Derek Korn joined Modern Machine Shop in 2004, but has been writing about manufacturing since 1997. His mechanical engineering degree from the University of Cincinnati’s College of Applied Science provides a solid foundation for understanding and explaining how innovative shops apply advanced machining technologies. As you might gather from this photo, he’s the car guy of the MMS bunch. But his ’55 Chevy isn’t as nice as the hotrod he’s standing next to. In fact, his car needs a right-front fender spear if you know anybody willing to part with one.
Benchmarking survey participants will receive four reports including an Executive Summary that compares responses between the Top Shops benchmarking group and the rest of the participants.
Modern Machine Shop’s fifth annual “Top Shops” benchmarking survey offers shops of all types and sizes a chance to see how they rate against similar machining businesses. All data collected from individual companies will remain confidential.
Participants who complete the survey will be able to receive a series of summary data reports of the results. Participants are also encouraged to enter the Top Shops Honors Program by providing their full contact information at the beginning of the survey.
Fourth- and fifth-axis rotary tables bring added flexibility to conventional three-axis VMCs. At IMTS, Koma Precision introduced the Tsudakoma RG series of rotary tables that uses a ball-drive system for table rotation.
As shown in the photo above, both sides of each ball remain in contact with the system’s worm gear, and each ball is located to within 1 micron of each other. The company says this design offers zero backlash/reversal error while providing a maximum indexing speed of 140 rpm with high accuracy, rigidity and torque transfer. In addition, the device, which is available in three sizes, is said to require no adjustments over its lifetime.
Five-axis machining of long turbine blades can be tricky, especially in terms of securely fixturing them for effective milling. The Starrag Group demonstrates an interesting blade workholding system in this video. The clamping system is an automated steady rest with measuring system to stabilize the machining process. It offers adjustable clamping devices that can be used on raw and finished blade areas and can accommodate different blade families. The company says rigid clamping using this system results in longer tool life, lower tooling costs, higher material removal rates, improved contour accuracy and overall lower unit costs.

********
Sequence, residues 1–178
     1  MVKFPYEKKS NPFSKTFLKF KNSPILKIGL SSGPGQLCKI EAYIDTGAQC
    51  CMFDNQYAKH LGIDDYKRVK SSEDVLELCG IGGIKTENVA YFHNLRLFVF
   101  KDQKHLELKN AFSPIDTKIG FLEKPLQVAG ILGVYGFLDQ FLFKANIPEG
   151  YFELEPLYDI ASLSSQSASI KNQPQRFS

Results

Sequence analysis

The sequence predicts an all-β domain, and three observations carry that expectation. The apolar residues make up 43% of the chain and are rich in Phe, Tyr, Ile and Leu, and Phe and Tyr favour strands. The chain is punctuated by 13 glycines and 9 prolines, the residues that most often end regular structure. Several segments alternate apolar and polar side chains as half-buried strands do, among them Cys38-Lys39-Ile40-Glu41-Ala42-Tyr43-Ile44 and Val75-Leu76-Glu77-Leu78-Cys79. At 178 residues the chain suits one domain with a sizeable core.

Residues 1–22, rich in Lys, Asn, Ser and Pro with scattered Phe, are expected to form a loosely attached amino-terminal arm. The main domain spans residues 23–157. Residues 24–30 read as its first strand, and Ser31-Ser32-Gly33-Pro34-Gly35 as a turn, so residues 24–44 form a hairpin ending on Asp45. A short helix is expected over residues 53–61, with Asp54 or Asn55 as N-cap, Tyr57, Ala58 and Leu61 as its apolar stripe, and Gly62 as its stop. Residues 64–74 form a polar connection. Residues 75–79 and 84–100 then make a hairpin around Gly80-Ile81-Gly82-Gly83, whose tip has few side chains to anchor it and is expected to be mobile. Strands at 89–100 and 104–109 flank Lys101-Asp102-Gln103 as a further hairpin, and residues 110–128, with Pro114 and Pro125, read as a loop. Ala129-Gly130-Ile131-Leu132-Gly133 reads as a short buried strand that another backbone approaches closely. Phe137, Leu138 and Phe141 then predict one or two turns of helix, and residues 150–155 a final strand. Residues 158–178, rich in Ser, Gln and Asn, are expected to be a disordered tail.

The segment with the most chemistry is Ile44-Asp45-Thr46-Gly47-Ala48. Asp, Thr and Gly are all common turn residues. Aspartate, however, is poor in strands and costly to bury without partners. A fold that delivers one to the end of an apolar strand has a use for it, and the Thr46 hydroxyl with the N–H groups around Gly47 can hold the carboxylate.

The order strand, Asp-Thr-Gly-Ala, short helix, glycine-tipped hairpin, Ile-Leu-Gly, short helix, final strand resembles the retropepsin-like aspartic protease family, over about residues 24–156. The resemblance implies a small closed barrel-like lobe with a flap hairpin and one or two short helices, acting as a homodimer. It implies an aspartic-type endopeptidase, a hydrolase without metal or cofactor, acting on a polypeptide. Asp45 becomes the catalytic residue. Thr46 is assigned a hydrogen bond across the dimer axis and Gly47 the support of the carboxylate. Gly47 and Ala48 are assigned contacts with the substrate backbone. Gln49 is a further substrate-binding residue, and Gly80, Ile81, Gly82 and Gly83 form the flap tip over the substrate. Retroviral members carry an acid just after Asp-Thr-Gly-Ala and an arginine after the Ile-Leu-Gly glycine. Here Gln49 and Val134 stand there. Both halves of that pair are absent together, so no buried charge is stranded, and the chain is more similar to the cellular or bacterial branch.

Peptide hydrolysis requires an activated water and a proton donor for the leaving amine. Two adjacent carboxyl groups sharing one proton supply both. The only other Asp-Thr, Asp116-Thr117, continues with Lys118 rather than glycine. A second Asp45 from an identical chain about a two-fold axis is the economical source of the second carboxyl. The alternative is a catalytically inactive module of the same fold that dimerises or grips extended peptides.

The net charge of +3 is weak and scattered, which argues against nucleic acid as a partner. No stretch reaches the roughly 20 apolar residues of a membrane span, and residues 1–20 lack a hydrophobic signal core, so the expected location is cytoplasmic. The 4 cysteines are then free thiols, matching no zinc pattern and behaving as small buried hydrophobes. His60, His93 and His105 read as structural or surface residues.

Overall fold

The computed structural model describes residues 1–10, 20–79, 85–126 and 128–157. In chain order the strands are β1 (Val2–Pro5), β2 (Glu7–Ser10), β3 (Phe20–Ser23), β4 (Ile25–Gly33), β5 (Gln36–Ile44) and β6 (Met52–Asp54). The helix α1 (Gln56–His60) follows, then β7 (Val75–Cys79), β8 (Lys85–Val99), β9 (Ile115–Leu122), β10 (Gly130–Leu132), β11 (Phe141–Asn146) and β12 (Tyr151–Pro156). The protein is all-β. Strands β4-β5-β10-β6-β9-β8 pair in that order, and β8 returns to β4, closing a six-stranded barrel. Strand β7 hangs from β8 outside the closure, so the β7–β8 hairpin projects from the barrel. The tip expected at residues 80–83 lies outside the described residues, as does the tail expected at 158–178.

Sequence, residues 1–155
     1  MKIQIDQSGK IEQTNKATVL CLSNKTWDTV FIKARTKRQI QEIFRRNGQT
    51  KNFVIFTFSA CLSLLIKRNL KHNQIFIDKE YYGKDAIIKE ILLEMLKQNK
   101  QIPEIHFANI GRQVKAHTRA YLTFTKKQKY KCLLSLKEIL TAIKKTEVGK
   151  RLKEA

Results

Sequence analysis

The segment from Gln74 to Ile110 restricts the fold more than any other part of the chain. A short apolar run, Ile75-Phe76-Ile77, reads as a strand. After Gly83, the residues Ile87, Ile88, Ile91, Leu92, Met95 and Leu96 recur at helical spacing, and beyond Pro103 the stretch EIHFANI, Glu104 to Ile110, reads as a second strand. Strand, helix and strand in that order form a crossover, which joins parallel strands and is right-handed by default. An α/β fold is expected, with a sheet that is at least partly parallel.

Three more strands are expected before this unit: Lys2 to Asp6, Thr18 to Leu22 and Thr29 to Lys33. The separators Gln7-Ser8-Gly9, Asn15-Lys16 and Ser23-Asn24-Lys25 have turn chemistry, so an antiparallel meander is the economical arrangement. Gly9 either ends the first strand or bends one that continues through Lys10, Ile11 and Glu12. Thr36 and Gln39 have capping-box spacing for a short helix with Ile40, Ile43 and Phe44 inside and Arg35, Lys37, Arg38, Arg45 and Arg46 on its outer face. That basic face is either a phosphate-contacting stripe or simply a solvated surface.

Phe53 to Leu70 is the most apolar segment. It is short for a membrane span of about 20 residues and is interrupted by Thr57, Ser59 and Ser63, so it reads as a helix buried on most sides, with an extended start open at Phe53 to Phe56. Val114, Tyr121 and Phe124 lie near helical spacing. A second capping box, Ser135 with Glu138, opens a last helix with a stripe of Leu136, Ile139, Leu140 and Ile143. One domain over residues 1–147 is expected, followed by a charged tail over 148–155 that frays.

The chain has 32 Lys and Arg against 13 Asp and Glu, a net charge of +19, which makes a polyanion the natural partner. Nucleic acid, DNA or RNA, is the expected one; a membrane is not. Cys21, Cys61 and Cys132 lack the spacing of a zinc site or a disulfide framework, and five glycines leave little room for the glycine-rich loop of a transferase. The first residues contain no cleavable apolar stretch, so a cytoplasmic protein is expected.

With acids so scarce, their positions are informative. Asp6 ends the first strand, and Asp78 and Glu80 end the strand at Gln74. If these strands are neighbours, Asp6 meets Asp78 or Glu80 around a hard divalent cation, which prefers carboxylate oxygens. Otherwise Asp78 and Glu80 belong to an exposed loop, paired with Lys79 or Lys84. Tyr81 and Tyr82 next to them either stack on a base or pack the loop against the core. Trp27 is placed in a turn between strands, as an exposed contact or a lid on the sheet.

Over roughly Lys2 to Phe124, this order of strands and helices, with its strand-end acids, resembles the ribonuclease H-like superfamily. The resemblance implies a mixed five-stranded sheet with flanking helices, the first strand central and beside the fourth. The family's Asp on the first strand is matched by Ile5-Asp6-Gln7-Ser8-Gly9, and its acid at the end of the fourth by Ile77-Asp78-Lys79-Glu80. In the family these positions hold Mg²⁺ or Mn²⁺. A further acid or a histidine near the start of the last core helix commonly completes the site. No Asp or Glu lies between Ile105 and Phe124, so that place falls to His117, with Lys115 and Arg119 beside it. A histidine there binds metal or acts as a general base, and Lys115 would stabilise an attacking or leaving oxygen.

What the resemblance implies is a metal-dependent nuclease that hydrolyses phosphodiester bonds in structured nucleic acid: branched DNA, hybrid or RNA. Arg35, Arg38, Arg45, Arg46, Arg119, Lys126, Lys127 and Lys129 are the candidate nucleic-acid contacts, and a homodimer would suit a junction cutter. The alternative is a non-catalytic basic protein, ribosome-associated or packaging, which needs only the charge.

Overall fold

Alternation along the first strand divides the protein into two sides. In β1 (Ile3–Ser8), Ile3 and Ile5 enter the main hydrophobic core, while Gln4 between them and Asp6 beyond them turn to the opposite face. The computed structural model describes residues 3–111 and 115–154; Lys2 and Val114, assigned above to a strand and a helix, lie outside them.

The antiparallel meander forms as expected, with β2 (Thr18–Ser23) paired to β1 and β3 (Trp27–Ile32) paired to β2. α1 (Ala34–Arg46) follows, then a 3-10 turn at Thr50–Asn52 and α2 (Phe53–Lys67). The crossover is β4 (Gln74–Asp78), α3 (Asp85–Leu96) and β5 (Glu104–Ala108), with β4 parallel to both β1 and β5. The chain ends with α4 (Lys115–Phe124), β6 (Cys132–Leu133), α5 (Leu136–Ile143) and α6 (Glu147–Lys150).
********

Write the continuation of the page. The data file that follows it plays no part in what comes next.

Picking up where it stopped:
MQL offers economical and environmental benefits because just a small amount of coolant is required during machining.
What’s involved in through-tool minimum quantity lubrication (MQL) delivery? What does a tool designed for through-tool MQL look like? Unist, designer and manufacturer of fluid application systems for industrial markets, sheds light in a white paper called “Single Channel MQL,” which you can access here.
The 250-gallon centrifuge filtration system for this external thread grinding machine removes swarf as small as 5 microns from the full-synthetic oil coolant the machine uses.
B&R Grinding, located just south of Chicago’s O’Hare airport, specializes in precision thread grinding. Its latest CNC external thread grinder, a GS:TE 200 unit from Drake Manufacturing, offers a 1-meter grind length and180-degree grinding wheel power helix. This machine enables the shop to accommodate the longer, higher-helix-angle thread grinding work its customers are asking it to perform.
Another important component of this machine is its 250-gallon centrifuge filtration system that removes swarf as small as 5 microns from the oil. That prevents the swarf from being introduced between the wheel and the workpiece, which could create scratches. It also cools the oil to a consistent 70°F, and some of it is delivered through the machine’s headstock to prevent spindle expansion during grinding operations.
Learn more about how the shop leverages this machine capability and others in this article.